First and foremost, I want to wish all of my readers happy holidays. Whether you live out here or simply enjoy reading about it, these occasions are often a time when families and friends bridge the …
First and foremost, I want to wish all of my readers happy holidays. Whether you live out here or simply enjoy reading about it, these occasions are often a time when families and friends bridge the gap between city mouse and country mouse, enjoying each other’s environments, if only to be a little closer to one another.
As I write this, I’m enjoying a quiet late-December evening, reflecting on all of the blessings of the last year, while my most recent one rocks in the bassinet beside me. Yes, my second son was born a week before Christmas; he was just shy of 11 pounds. He and my wife have been relaxing and recovering since then, and it’s been nice to take refuge in these still moments in between the hectic days. And yes, young Mr. Walker Hill is a good cuddler.
Of course, I wouldn’t rank anything this year as momentous as his arrival, but all the same, it has been quite a big year for the family. If you’ve been following the column, you’ll know that my wife and I started the year by reaching new heights with our meat chicken business, before shelving it in order to sell our home of four years to look into purchasing a larger farm.
While we haven’t yet secured a new farm to call our own, we’ve made offers and had some skin in the game, so to speak, and will hold out for whatever God has in store for us. (Anyone want to sell their farm?)
While house-hunting, we took up the mantle of the old Mueller vegetable stand on 652 Beach Lake Highway, launching our own business, Hillstead Farm.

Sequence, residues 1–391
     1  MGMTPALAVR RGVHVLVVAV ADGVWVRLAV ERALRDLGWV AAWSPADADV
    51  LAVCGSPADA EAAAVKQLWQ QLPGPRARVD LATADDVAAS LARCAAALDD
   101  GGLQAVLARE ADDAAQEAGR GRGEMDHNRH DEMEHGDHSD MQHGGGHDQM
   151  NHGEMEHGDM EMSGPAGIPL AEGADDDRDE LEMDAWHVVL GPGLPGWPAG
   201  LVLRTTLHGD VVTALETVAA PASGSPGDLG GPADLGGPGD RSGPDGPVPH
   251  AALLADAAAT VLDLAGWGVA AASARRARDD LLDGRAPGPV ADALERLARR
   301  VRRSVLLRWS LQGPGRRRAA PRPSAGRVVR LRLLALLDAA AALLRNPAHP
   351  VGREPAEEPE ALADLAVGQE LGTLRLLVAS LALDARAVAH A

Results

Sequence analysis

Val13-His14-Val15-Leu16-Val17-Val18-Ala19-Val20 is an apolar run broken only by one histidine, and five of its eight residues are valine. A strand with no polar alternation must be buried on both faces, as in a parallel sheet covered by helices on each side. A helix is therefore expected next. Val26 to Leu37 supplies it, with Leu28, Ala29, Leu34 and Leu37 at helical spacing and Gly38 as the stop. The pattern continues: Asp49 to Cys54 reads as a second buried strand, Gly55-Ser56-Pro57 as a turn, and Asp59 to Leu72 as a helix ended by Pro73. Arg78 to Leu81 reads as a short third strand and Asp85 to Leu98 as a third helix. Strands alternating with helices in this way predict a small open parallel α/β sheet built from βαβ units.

Along with that we had our first successful harvest of garlic scapes and of course garlic bulbs, and attempted to grow other crops to be sold at the farmstand, including tomatoes, potatoes, onions, corn, squash and more. While we weren’t 100 percent successful at these endeavors, we learned a lot and gave ourselves a good leg up for next year.
My wife, as I write this, is on the other side of our son, completing our order sheet for spring seeds and equipment.
If all that weren’t enough for one year, I made the switch just two months ago from my desk job to butchering full time at my wife’s family farm. I have a few scars from my short-term education, but I already feel like I’ve been there forever, and I look forward to being there for quite some time.
We’ve done so much in the last year in terms of major milestones, let alone the smaller achievements like learning new canning recipes and other skills that will go toward our future farm business.
As I try to recall just how many little accomplishments and interesting adventures we’ve shared, the to-do list in the back of my mind is reignited with ambition for the New Year and what we can do with the momentum we’ve gained. I pray we do find our future farm this year and begin to build the infrastructure of our chickens and vegetables and other projects like honeybees and orchards. Perhaps we’ll have enough success to get our first tractor, even if it is a good find from an old barn.
I’ll say this: while the goal is, of course, to make money and have a successful business, the real goal is to keep living this great adventure I’ve had the privilege of sharing with you good folks.
No matter what the new year brings, the way out here is much like a quote from one of my favorite authors, Terry Goodkind: “Your life is your own. Rise up and live it.”
As a country man, I embrace the spirit of this quote to step up and work for what you want. As a Christian man and a father, I would amend it to my sons and my readers alike, that while our lives are our own, they are God’s, most of all, to do with as He wills. I close this year with thankfulness, not only for the blessings He has given my family this year, but that He has led me to live the way out here, and that each day I wake up, He continues to give me breath in His creation.
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